Whilst not all women who have polycystic ovaries have PCOS, not all of those with PCOS will have polycystic ovaries – a fact that has overturned the original idea that the condition was caused by the cysts themselves (it's now thought that they’re a symptom rather than a cause). So despite its name, polycystic ovaries aren’t a defining feature of PCOS. In fact, in recent years some experts have been campaigning to rename PCOS, as they claim it doesn’t describe the condition appropriately.
What are the main features of PCOS?
To diagnose whether you have PCOS or not, healthcare professionals look for the following symptoms. If you have signs of two or more of these symptoms it is most likely that an official diagnosis will be made.
Irregular/infrequent ovulation or absence of ovulation - for you, this will be an irregular/absent period.
High levels of androgens (male hormones including testosterone, androstenedione, dehydroepiandrosterone – or DHEA – and DHEA sulphate). Having high levels of androgens is also known as hyperandrogenaemia. This can manifest in excessive hair growth.
* Polycystic ovaries (as shown via an ultrasound scan). Your doctor will refer you to a specialist which will perform the scan, with the results being passed back to your healthcare professional.
If your period irregularly or completely absent, it means you may have irregular periods or a complete lack of periods. This can affect your fertility, and many women with PCOS find it difficult to become pregnant - but this is not true for every woman with PCOS. Understanding the link between PCOS and fertility can be an integral part of managing your condition.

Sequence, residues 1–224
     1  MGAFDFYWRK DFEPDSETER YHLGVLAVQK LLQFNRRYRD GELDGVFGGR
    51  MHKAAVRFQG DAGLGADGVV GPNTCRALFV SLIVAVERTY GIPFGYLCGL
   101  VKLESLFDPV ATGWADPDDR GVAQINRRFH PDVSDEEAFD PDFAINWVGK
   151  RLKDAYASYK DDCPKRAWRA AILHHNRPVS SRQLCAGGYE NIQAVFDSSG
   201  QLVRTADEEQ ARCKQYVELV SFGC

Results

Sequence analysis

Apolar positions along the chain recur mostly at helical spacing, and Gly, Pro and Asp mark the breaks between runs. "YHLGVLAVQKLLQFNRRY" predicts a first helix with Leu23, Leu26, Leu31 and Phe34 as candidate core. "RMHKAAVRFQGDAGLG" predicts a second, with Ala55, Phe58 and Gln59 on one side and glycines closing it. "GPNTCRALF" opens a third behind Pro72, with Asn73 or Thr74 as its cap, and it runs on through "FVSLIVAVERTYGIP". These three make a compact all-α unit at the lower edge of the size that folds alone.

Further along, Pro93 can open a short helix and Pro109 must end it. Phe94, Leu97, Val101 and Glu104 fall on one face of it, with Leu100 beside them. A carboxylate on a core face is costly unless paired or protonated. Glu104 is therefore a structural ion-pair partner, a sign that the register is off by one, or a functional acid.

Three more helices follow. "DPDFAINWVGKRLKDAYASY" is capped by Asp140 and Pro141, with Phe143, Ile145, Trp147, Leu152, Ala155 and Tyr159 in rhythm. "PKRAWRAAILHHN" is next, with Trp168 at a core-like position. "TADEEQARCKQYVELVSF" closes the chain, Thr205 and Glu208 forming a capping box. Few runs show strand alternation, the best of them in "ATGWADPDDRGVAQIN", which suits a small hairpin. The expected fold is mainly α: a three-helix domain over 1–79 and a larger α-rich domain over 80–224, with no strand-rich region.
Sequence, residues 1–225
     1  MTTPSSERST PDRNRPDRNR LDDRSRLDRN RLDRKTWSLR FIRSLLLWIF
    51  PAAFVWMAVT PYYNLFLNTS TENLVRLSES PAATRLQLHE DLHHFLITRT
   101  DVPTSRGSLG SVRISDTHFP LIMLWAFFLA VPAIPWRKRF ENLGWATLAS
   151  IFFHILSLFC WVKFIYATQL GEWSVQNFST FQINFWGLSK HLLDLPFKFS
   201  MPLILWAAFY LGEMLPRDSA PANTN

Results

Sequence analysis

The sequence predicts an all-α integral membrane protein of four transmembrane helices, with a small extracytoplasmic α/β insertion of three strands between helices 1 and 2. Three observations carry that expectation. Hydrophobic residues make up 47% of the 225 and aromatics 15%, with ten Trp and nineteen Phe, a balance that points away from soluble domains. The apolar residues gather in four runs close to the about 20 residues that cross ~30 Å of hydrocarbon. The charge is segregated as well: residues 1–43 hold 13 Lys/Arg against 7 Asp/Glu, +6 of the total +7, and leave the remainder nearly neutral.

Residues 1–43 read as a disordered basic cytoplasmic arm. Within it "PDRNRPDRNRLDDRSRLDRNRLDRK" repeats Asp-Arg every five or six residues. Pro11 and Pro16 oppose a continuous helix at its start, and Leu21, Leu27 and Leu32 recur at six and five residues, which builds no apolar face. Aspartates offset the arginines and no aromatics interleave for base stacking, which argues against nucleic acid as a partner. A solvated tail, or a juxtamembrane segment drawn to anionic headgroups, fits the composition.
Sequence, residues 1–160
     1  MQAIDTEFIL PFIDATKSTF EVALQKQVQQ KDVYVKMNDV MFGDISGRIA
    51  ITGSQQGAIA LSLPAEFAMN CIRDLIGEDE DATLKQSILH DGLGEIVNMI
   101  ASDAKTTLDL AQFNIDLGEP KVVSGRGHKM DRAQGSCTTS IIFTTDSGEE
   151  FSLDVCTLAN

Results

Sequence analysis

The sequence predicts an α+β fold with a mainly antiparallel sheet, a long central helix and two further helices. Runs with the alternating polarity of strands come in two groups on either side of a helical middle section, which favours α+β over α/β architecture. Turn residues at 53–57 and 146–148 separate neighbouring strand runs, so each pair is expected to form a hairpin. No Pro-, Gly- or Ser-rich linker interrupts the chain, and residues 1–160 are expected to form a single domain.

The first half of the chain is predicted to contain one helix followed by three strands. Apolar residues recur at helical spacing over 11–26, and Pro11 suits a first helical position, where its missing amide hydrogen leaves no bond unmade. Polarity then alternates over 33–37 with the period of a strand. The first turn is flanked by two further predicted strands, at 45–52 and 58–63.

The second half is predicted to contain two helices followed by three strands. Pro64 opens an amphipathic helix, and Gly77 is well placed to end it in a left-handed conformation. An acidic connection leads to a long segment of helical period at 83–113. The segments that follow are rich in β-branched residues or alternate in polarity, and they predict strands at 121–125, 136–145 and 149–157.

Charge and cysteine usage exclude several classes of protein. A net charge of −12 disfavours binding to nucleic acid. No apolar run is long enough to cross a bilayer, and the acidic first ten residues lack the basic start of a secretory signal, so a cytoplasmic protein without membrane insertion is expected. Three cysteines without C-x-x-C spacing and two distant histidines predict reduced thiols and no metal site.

Meanwhile, if you have PCOS your ovaries may produce higher-than-normal levels of the hormone testosterone. Despite being called a male hormone, testosterone is produced in small amounts by women too – by the ovaries – as it’s needed for a number of different processes in the body. Most of the testosterone in your bloodstream is bound to proteins called sex hormone-binding globulin (SHBG) and albumin, while the rest isn’t attached and classed as free testosterone. Free testosterone is the type that’s active in your body, and even a slight increase is thought to suppress normal ovulation.
These higher levels of free testosterone can trigger a range of symptoms, such as excess facial or body hair often accompanied by thinning hair and hair loss from the scalp, as well as oily skin and acne on the face, back and chest. There are a number of natural remedies that women can use to control PCOS-related acne breakouts.
Some PCOS women may also have abnormalities in other hormones that are involved in the menstrual cycle, including high levels of luteinising hormone (a hormone that stimulates ovulation), and low levels of follicle stimulating hormone (also needed for ovulation), progesterone and SHBG.